A Word on Mic-Night Etiquette

So yesterday I performed and eagerly watched as many creative people gave it all they got, at The Coffee Affair in Colindale. Except I was so fuming with anger over the rudeness of one poet that I got all on my high horse.

Luckily, this did not detract from the awesomeness of the evening, and I’m so glad I got to try something I find rather difficult surrounded by so many friends. I’m also lucky that I have so many talented friends who do stuff I’ve never really witnessed before.  There’s an art to performance poetry and fiction that is completely different to writing.

I’ve been doing the writing thing for a while, but I’ve never really performed anything. And writing for performance is so different. It’s really opened up a new world to me, and though I am not a poet, I think all writers can benefit from the teachings of the performance poet.

So, a word on etiquette (Or, me getting back at Mr Rude Poet).

In the words of the immortals Dan Le Sac and Scroobius Pip: Thou shalt not attend an open mic and leave before it’s done just because you’ve finished your shitty little poem or song you self-righteous prick.

So this guy rocks up, and puts his name on the list, but it’s okay, because we’re cool like that. Artists and hippies are okay with spontaneity. Except he then proceeds to LOUDLY inform us that the mic isn’t working, and why aren’t there enough chairs downstairs, and this venue isn’t arranged very well and can’t someone do something about the air-conditioning? Which are all fine complaints except they’re DURING the first two acts.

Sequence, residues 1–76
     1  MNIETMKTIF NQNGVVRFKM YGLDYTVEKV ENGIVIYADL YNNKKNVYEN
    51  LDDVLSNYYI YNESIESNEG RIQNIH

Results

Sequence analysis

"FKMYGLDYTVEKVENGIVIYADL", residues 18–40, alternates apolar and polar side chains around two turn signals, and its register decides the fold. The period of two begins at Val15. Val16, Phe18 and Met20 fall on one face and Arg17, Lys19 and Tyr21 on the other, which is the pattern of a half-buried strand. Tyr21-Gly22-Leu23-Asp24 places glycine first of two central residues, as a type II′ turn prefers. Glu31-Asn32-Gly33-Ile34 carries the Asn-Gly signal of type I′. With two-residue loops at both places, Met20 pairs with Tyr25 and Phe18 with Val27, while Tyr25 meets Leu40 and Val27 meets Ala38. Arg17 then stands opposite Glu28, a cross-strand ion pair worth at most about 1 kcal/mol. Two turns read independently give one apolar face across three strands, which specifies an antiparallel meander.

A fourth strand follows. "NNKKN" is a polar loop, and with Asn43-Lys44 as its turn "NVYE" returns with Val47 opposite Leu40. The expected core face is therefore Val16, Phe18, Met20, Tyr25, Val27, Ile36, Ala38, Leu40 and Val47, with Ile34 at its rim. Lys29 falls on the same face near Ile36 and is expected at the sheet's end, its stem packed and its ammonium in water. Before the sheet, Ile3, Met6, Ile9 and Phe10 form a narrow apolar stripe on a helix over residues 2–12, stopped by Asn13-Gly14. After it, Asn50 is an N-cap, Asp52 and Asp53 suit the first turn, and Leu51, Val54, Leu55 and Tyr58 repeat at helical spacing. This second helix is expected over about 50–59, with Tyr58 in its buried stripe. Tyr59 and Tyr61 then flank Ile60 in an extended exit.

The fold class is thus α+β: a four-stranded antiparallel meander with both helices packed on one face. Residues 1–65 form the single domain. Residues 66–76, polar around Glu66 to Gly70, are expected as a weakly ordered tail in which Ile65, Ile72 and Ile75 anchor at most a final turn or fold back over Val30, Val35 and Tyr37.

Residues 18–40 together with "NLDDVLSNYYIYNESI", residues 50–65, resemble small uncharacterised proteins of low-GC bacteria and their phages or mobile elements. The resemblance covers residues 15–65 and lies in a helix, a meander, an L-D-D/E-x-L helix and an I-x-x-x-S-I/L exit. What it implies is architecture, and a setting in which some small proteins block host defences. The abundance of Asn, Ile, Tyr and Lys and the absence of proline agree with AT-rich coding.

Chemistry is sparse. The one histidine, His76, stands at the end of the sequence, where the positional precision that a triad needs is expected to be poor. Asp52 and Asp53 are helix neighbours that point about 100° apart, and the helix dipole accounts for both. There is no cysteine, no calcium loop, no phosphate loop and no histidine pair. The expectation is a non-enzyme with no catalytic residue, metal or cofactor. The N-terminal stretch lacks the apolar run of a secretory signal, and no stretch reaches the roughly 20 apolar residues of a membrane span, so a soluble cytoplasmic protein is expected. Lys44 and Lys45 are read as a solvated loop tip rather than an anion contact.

This is the worst thing, beyond performing then leaving. In fact, it’s worse. Talking through another artist’s set is rude, self-obsessive and just plain irritating. We’re meant to respect each other’s art. I think he was bitter because he was competing with a younger generation. Either way, after talking obnoxiously through other people’s sets, I’d decided to hate him. And I was entitled.

But just because you hate someone doesn’t mean their poetry isn’t any good. And I’ll admit, I don’t know much about poetry…Okay, that’s a lie, I did a Literature and Creative Writing degree. All I mean is, poetry isn’t my thing, I can’t always tell if it’s good. I can tell when it’s absolutely mind-blowing, and I can tell when it’s boring.

This guy’s work was fairly okay. Who hasn’t written love poems? And he ripped off the title of Blake’s Songs of Innocence and Experience in his little self-published book. Well, Ya boo sucks buddy, because I’m a creative entrepreneur, and I get how self-publishing works. I also understand that for poetry, if you’re not an excellent performer, it’s sometimes the only way. But blah.

I have constant trouble reconciling the fact that ‘I’m a writer because I couldn’t be anything else’ with these other people who proclaim they’re writers and are, in fact terrible. Anyone got any answers on this? I’ve always assumed you’re a writer if you can’t not write, if you have to be writing. But if you’re smart, you’ll not just be writing about yourself, you’ll be aware of the market, of your audience, of where you can be ‘placed’. Yes, it’s art, but if you want it out in the world you’ve got to consider it a product.

So, I’ll be updating more and more with what I’m writing, writing exercises and thoughts, as well as how the workshops are going. I’ll be visiting the London Book Fair and also teaching creative writing at Larmer Tree Festival this year. So there’ll be pictures and stories galore!

Happy Writing!